D. R. S., Petitioner-Respondent,
Amy BAKER, aka Amy Campbell, Respondent-Appellant. 296 Or.App. 96
and submitted November 28, 2018
Multnomah County Circuit Court 17PO09810 Patricia L. McGuire,
W. Engle argued the cause and fled the brief for appellant.
appearance for respondent D. R. S.
Powers, Presiding Judge, and Egan, Chief Judge, and Landau,
Senior Judge. [*]
Summary: Respondent appeals an order continuing for one year
a restraining order issued against her under the Elderly
Persons and Persons with Disabilities Abuse Prevention Act
(EPPDAPA), arguing that the trial court erred in fending that
respondent presented an "immediate and present danger of
further abuse" to petitioner, as required by EPPDAPA.
Held: The trial court erred in continuing the
restraining order. Although respondent's actions were
offensive to petitioner, the record lacked evidence that
respondent made recent threats of additional abuse before the
trial court's order. Thus, it was error for the trial
court to find that respondent posed an immediate and present
danger of further abuse to petitioner.
Or.App. 97] EGAN, C. J.
appeals an order continuing for one year a restraining order
issued against her under the Elderly Persons and Persons with
Disabilities Abuse Prevention Act (EPPDAPA), ORS 124.005 to
124.040. Because it is dispositive, we address only the
second of respondent's two assignments of error and
conclude that the record lacks evidence to support a finding
that respondent presents an "immediate and present
danger of further abuse" to petitioner, as required by
EPPDAPA. Accordingly, we reverse.
relevant facts are not in dispute. Petitioner,
respondent's former mother-in-law, filed a petition for a
restraining order under EPPDAPA. ORS 124.010(1)(b) (an
elderly person subject to abuse within preceding 180 days may
petition for relief if abuser presents immediate danger of
further abuse). Petitioner alleged that on a single occasion
within the previous 180 days, while petitioner was traveling,
respondent broke into petitioner's home and disrupted
some of her personal belongings. Petitioner also alleged
that, at an unspecified time more than 180 days before filing
the petition, respondent had verbally abused her. Following
an ex parte hearing on October 9, 2017, the trial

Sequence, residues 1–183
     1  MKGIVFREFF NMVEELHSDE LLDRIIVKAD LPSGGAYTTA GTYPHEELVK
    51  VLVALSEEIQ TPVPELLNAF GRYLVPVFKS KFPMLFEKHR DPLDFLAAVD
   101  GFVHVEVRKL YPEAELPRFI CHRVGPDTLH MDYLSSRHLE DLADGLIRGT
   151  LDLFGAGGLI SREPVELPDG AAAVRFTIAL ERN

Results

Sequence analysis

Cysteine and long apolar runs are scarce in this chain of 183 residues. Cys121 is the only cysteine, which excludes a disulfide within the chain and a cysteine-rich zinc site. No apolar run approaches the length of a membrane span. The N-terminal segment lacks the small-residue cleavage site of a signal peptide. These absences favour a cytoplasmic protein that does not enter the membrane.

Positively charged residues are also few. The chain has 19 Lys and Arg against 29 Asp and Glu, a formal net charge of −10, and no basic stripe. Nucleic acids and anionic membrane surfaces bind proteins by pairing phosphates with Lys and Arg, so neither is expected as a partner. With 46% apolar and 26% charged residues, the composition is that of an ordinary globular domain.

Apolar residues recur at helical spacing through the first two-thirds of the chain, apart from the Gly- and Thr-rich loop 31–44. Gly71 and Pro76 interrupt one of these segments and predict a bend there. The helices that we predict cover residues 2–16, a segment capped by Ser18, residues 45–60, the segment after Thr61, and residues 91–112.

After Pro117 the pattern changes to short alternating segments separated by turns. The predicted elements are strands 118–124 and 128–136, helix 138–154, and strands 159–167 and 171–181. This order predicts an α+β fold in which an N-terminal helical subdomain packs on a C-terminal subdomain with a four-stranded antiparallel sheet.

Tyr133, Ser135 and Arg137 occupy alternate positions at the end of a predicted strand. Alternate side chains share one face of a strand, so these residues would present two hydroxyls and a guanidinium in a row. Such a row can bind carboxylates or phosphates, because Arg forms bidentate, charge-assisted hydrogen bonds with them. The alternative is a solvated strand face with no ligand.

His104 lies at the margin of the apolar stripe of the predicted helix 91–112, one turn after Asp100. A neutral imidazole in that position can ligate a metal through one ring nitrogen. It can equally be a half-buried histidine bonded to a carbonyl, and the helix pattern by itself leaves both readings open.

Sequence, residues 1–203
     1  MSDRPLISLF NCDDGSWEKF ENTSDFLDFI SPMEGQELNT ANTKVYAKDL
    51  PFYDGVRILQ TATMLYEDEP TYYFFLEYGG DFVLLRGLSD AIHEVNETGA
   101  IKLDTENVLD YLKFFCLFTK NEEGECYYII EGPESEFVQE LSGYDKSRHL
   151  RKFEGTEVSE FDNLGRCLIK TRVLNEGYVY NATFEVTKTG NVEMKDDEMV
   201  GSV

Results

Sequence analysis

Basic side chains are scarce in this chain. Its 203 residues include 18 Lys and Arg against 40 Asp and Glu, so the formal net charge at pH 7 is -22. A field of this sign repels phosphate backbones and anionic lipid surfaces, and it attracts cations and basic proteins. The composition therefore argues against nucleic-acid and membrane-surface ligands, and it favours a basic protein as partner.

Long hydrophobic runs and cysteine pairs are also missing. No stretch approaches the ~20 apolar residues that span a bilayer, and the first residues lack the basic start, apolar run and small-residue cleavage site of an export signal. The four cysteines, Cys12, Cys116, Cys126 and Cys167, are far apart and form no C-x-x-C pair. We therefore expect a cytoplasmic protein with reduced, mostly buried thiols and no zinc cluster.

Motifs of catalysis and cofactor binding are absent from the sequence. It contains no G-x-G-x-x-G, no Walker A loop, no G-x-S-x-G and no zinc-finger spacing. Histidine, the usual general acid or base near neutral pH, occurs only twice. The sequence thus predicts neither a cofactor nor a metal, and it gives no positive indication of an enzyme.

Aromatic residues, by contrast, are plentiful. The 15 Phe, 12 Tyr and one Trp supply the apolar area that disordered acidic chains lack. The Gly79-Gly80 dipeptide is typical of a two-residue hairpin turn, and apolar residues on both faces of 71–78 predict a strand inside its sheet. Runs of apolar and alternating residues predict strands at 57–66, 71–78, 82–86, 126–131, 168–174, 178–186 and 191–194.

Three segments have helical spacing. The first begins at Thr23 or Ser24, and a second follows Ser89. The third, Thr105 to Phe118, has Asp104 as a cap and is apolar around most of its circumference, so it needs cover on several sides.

court issued a temporary restraining order under ORS
requested a hearing to contest the order. ORS 124.020(9); ORS
124.015. At the hearing, petitioner testified that the
parties had seen each other on a single occasion in 2017, a
child's soccer game at which the parties did not speak to
each other, and that respondent had not attempted to contact
her during 2017. The trial court found that respondent's
conduct in entering petitioner's home and disturbing her
personal property constituted "abuse" under ORS
124.005(1) and that respondent posed an "immediate and
present danger of further abuse." Respondent appeals.
124.010 provides that "an elderly person * * * who has
been the victim of abuse within the preceding 180 days * * *
may petition the circuit court for relief * * *, if the
person is in immediate and present danger of further abuse
from the abuser." Petitioner has the burden of proving,
by a preponderance of the evidence, that (1) she is an
"elderly person," (2) she was "abused" by
respondent, (3) the abuse [296 Or.App. 98] occurred within
180 days before the initial order, and (4) she is in
immediate and present danger of further abuse. ORS
124.010(2); Doyle v. Rohrback, 257 Or.App. 523, 525,
306 P.3d 789 (2013).
without deciding, that petitioner satisfied her burden of
proof as to having been "abused" within 180 days
prior to the initial order, the record lacks evidence to
support a finding as to an immediate and present danger of
further abuse. "Immediate and present danger,"
under ORS 124.020(4), "includes but is not limited to
situations in which the respondent has recently threatened
the elderly person *** with additional abuse." Although
respondent's actions at petitioner's home were
offensive to petitioner, the lack of evidence that respondent
made recent threats of additional abuse before the trial
court's order does not support a finding that ...